Dan Ryan, IT Manager at W.K. Kellogg Foundation
A swifter, more collaborative grantmaking process
Centralized content was just the start. Box has brought enhanced benefits to the W.K. Kellogg Foundation. It has allowed the foundation to speed up processes like grantmaking that are integral to its mission. Thanks to the vision of Phil Scamihorn, Knowledge and Data Team Squad Leader, the team moved the process of assigning and accessing grantmaking to Box, taking advantage of Box APIs to customize the right solution. By thoroughly replacing their Grantee Document Portal, previously a SharePoint site integrated with their proprietary grantmaking solution, Encompass, the foundation has made the grantmaking process much more efficient and collaborative.
Now, Grant Evaluators take advantage of automatic refreshing of content, notifications on what has changed within an assignment, and the ability to automatically notify contract owners when contracts have been completed. This upgrade has a lot of benefits, including better visibility and access control for all participants in the grantmaking process. The foundation has been able to decommission SharePoint and save on duplicative, expensive server costs.
Ryan considers it a future proof solution: “If we move to a different grantmaking solution, Box can remain our repository for content sharing.”
“We want to select technologies and platforms that integrate with our programming side. We’re in the business of grantmaking. Technology for technology’s sake — we’re never going to get it funded.”
Dan Ryan, IT Manager at W.K. Kellogg Foundation
Change management bolstered by integrations
The transition from on-prem content storage to content in the cloud was smooth, partly because Ryan could roll out the change to Box in a way that worked for everyone. "Box allowed us to meet people where they were at," he explains. If they were uncomfortable with change, Box Drive allowed them to view content in a shared drive, just as they were used to. Slowly, as they became comfortable, they could be educated to take advantage of more advanced features of Box — like right-clicking to share. For more sophisticated users, "ready to be mobile and roll anywhere, anyhow," Ryan says, Box was perfect for them, too.
Box is no longer just a content-management platform for the organization. The W.K. Kellogg Foundation also takes advantage of automation capabilities for certain standard processes. For instance, HR uses Box for employee onboarding, simplifying a process that used to involve sending a document around to 48 individual people via email, all of whom had to take an action before passing it along. Now, with Box, the foundation has visibility into the entire workflow, and stakeholders can complete their part without holding up the process.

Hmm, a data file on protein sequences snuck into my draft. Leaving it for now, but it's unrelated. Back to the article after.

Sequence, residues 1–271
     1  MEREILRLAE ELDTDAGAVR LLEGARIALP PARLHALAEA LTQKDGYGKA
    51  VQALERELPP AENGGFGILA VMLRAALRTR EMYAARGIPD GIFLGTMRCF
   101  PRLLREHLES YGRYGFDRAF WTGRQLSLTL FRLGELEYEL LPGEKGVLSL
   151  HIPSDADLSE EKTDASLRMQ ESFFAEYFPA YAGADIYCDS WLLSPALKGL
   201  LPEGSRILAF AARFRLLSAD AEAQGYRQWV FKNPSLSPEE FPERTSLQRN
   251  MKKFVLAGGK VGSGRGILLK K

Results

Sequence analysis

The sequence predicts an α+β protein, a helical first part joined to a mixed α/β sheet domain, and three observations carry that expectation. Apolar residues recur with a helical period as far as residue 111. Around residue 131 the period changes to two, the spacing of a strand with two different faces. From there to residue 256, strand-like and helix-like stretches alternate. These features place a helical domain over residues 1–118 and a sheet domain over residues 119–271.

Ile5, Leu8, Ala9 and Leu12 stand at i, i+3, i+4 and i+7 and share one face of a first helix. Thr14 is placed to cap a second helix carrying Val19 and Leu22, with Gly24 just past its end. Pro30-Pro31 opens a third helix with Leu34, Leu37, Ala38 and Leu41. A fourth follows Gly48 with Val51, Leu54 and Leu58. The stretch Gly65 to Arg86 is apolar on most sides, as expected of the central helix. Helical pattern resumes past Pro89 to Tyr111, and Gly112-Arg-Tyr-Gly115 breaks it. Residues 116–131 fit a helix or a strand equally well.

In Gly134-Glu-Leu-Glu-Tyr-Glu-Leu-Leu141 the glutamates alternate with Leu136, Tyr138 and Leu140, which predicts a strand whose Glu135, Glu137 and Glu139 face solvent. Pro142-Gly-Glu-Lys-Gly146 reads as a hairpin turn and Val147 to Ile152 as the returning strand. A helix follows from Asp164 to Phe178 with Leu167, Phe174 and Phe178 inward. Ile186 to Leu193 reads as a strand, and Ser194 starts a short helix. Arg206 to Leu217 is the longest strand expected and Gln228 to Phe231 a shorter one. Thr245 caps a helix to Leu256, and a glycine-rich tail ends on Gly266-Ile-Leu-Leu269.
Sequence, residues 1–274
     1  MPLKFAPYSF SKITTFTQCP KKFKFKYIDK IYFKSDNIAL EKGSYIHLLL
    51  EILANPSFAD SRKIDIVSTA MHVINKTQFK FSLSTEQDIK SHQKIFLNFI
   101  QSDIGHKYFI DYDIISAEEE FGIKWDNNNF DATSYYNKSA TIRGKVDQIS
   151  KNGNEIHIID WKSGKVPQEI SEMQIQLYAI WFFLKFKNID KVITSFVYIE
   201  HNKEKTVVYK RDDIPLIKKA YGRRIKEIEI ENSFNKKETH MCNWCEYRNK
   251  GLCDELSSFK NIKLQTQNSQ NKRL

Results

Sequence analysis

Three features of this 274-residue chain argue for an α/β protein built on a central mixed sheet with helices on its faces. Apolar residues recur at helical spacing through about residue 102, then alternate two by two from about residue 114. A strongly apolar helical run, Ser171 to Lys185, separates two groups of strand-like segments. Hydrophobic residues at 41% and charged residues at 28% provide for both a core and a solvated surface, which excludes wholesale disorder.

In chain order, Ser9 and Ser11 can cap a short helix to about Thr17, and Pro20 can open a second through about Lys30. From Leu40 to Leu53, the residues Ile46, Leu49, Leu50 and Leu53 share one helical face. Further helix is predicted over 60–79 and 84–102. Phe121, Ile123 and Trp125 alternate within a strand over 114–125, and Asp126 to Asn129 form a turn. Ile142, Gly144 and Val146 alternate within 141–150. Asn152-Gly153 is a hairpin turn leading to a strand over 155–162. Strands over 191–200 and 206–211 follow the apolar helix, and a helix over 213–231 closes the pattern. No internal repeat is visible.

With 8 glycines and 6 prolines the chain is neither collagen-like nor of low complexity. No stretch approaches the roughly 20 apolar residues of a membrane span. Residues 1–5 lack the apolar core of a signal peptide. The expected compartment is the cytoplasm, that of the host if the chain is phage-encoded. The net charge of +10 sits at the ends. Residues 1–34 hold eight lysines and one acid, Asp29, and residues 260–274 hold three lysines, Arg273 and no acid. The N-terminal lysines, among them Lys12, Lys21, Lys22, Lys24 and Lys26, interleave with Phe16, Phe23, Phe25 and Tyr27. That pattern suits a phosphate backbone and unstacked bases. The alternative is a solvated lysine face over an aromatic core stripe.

Box also integrates well with productivity tools the foundation uses, such as Slack and Trello, and Ryan envisions further integrations with other tools they use, like Tableau. As he contemplates any further technology choices, he says, "From here on out, all the selections we're looking at must integrate with Box."
Endless possibilities for the future of content
As the W.K. Kellogg Foundation's use of Box becomes more sophisticated over time, Ryan is excited about the future. He envisions using Box Governance to implement retention policies that align current practices with ideal protocols, for example.
With the terabytes upon terabytes of photos community workers generate, he also sees a future path to AI by applying Box Skills. By automatically geotagging images as they're uploaded into Box, the organization wouldn't have to worry about tracking down a photograph's original creator to get details later on. "Let's face it," Ryan says. "People come and go, but files stay behind. With Box Skills, we see a quick way to start tagging photos and augment that automated tagging with additional context to bring the machine learning in and propel information forward with things like facial recognition."
"It's exciting to see where the sector's going," he says, "with all the transparency and openness and the integration points. Box simply hit the sweet spot for us."
The great good begins in the cloud